On this Christmas Eve I want to reprise a column I wrote several years ago for The Kansas City Star about the way in which the Qur'an reports on Mary, the mother of Jesus, who is Islam's second most important prophet.
Indeed, there's considerably more about Mary in the Qur'an than you'll find in the New Testament, and, of course, Islam has a different take on who Jesus was and is. That said, it's worth the time of Christians to see how another tradition tells the story. So here's the piece:
Christmas through Islamic eyes
One reason the Christmas story engages so many hearts is that it portrays a God of surprises.
God, for instance, assumes human form -- and as a baby, no less. But not a royal baby. No, it's a child born to poor, wandering parents. And not in a cosmopolitan population center but in a small village of the Roman Empire's hinterlands.
This unpredictability is why I like to reread the birth narratives in the New Testament. But I also have found it enlightening to read the story as it's told in the Qur'an, the holy book of Islam, which considers Jesus a major prophet.
Because I'm Christian, I don't go to the Qur'an looking for confirmation of what my own tradition teaches about Christ. Rather, I go to find fresh wording and unfamiliar ways of understanding what theologians call the "Christ event."
In a similar way, earlier this year I suggested in a column that even though the man who introduced yoga to America had quite a different theology than I do, his new, posthumously published book, ``The Second Coming of Christ: The Resurrection of the Christ Within You,'' contains insights that can help Christians see their faith in fresh ways.
Islam, unlike Christianity, does not consider Jesus divine. In that way it shares common ground with Judaism. But unlike much of Judaism, which tends to see Jesus as an interesting if misguided man, Islam honors him as a great prophet who called people to love -- and submit to -- the one God.
So I know the Qur'an will not tell the orthodox Christian story. But I find it worth reading, nonetheless.
Here, in prose form (the translation by A. Yusuf Ali is done in poetry style), is part of what it says in Surah (or chapter) 3:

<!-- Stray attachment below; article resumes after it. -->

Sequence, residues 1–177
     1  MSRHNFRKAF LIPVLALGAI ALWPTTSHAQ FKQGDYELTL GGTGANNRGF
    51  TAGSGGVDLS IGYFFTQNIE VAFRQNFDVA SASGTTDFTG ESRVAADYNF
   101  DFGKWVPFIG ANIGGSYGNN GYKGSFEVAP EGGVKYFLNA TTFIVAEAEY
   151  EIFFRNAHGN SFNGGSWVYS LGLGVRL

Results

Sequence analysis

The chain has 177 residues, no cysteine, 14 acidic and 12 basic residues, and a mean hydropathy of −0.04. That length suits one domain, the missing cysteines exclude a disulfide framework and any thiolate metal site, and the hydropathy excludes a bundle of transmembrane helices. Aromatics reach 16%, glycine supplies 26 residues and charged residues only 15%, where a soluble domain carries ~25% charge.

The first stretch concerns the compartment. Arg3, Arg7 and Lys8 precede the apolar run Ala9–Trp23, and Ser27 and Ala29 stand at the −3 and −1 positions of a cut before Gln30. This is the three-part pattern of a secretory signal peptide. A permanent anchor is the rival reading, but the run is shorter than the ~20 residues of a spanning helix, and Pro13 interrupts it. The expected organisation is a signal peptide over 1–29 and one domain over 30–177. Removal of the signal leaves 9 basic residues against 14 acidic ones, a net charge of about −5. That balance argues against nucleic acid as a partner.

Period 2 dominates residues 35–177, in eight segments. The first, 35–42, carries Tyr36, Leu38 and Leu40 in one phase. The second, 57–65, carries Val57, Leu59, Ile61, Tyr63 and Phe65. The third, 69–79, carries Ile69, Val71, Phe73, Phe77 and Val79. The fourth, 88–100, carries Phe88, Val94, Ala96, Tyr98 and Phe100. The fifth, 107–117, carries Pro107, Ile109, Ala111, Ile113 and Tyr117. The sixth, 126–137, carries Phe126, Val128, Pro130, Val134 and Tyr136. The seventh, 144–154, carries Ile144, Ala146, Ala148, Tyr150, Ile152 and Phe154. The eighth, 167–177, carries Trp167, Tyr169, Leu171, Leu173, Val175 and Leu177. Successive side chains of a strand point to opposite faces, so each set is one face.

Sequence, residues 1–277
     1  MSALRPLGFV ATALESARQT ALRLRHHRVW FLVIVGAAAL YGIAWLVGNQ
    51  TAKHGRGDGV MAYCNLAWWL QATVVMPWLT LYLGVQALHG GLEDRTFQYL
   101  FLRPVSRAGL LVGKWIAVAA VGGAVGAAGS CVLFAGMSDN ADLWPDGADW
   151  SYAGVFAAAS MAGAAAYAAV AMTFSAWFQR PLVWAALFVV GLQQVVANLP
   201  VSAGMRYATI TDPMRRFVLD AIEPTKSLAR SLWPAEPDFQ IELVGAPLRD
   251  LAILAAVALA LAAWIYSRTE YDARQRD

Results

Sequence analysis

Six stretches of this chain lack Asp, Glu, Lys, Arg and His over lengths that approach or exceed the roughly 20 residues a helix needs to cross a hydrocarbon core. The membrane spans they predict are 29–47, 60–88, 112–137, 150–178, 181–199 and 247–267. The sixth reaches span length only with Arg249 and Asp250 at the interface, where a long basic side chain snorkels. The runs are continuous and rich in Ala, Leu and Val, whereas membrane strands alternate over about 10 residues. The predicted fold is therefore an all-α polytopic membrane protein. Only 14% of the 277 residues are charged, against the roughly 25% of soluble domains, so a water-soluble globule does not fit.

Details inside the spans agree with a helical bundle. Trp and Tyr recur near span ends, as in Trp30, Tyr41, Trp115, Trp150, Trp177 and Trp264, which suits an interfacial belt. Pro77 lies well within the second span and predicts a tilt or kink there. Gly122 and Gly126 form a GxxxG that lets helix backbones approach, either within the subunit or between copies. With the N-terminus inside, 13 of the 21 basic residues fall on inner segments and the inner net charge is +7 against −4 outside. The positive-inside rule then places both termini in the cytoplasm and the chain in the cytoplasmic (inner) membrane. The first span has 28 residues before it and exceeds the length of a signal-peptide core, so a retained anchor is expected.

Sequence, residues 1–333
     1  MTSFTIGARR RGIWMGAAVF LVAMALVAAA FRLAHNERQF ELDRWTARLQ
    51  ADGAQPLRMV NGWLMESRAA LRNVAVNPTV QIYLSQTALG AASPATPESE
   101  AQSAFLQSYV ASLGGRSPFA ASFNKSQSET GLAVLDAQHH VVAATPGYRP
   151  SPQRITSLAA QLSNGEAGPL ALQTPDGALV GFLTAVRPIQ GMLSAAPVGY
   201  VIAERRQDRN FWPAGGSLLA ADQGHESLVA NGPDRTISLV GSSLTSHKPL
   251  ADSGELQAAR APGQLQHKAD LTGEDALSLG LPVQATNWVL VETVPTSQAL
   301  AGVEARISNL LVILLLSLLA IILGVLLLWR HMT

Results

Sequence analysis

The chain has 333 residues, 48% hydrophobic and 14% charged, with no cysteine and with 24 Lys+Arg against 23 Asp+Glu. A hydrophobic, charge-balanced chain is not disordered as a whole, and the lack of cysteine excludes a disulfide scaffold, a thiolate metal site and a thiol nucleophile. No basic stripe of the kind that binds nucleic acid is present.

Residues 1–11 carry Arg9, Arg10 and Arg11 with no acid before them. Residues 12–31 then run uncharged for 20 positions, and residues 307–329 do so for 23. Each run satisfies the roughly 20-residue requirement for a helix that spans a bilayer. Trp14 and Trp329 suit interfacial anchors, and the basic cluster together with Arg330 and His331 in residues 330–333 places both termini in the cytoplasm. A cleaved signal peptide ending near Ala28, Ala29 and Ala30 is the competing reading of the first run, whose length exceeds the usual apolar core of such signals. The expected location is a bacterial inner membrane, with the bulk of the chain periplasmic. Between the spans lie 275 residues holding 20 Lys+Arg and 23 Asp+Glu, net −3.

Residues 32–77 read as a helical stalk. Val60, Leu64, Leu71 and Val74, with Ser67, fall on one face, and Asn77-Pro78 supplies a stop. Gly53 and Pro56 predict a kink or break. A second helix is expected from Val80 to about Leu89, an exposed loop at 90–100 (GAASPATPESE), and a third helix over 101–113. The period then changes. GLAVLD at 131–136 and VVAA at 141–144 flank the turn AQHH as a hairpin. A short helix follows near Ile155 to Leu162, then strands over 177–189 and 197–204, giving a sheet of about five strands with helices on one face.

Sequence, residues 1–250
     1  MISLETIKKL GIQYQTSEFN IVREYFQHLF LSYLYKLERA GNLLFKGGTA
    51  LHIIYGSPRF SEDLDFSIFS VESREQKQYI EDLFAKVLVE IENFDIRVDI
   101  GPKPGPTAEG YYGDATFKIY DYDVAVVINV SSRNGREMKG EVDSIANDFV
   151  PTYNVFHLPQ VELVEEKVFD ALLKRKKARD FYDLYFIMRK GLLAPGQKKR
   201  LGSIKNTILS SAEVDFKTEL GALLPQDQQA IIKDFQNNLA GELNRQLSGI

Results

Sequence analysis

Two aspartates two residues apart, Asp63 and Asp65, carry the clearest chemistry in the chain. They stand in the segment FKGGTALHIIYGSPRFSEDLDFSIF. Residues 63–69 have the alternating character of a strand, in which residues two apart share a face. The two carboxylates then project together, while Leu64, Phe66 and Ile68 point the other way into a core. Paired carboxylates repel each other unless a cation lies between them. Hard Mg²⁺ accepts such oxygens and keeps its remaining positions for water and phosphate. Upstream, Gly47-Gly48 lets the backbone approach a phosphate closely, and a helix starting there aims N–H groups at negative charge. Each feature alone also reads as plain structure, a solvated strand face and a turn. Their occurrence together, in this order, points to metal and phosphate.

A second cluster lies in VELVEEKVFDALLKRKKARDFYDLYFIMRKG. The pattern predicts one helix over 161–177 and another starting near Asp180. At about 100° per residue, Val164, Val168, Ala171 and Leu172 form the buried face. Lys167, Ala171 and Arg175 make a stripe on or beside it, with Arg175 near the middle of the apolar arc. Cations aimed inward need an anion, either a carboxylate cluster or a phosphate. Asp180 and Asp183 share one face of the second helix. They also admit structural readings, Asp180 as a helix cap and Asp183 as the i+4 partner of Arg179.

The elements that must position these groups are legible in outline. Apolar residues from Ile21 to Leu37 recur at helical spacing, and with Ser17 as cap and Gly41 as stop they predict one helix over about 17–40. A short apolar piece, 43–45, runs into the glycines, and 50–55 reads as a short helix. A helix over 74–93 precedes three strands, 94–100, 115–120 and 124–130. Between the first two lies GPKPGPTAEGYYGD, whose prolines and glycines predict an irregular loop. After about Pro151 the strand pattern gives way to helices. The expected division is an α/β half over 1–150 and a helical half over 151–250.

"Behold! The angels said: `O Mary! God hath chosen thee and purified thee -- chosen thee above the women of all nations.'''
Which is pretty much what the New Testament says. Of special interest here is the idea that God is the initiator of the action. The theme that God first chooses us is embedded in both Judaism and Christianity.
After the angels in the Qur'an story urge Mary to "worship the Lord devoutly," they say, "O Mary! God giveth thee glad tidings of a Word from Him; his name will be Christ Jesus, held in honor in this world and the Hereafter and of (the company of) those nearest to God."
Again, there is much resonance with New Testament, including the opening passage of the Gospel of John, which describes Christ as the "Word" of God.
But the Qur'an also gives fresh wording about how Christ will be honored both in this world and the next. The New Testament story of his suffering and crucifixion complicates the Qur'an's prophecy that he will be held in honor in this world, at least during his time on Earth. But the Qur'an nonetheless points to the high esteem in which Islam holds Jesus by saying he'd be honored in heaven by those closest to God.
The Qur'an continues describing the baby to whom Mary will give birth: "He shall speak to the people in childhood and in maturity. And he shall be (of the company) of the righteous." This passage brings to Christian minds the story of 12-year-old Jesus in the temple at Jerusalem conferring with - and impressing - religious teachers. But the phrase "in childhood and in maturity" is new to Christian ears and carries many levels of meaning.
In the Qur'an, as in the New Testament, Mary asks how she is to have a son since she is not married and, as the Qur'an bluntly puts it, "no man hath touched me." The Qur'anic angels assure her that God will arrange things and then they describe the work Jesus will do for God.
Next comes a passage in which Islam separates itself decisively from Christianity. It says that "the similitude of Jesus before God is as that of Adam; he created him from dust, then said to him: `Be'; and he was."
The implication is clear. For Islam, Jesus, as Ali says in a footnote on this verse, is not "God or the son of God or anything more than a man."
Still, in that verse, we see a god who creates in precisely the same way the Hebrew Scriptures, or Old Testament, says God creates: by speaking.
The point is that we need not agree with the theology contained in the sacred books of other faiths to learn from them and to have them shed new light on our own. What a nice Christmas gift.
(Merry Christmas to all who celebrate it and happy New Year to everyone.)
(The Nativity Scene in the top photo is one I grew up with and still own. The other photo shows a tapestry I found several years ago at a Mennonite quilt auction.)
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AND THE WORLD GOES ON. . .
The Rev. Jerrod Hugenot, who used to be at Central Baptist Theological Seminary in the Kansas City area, now serves a church in Bennington, Vt. Over the weekend, the Bennington Banner published his thoughts about end-times and the fact that the world didn't end on Dec. 21, as some folks thought the Mayans had predicted it would. It's worth a read.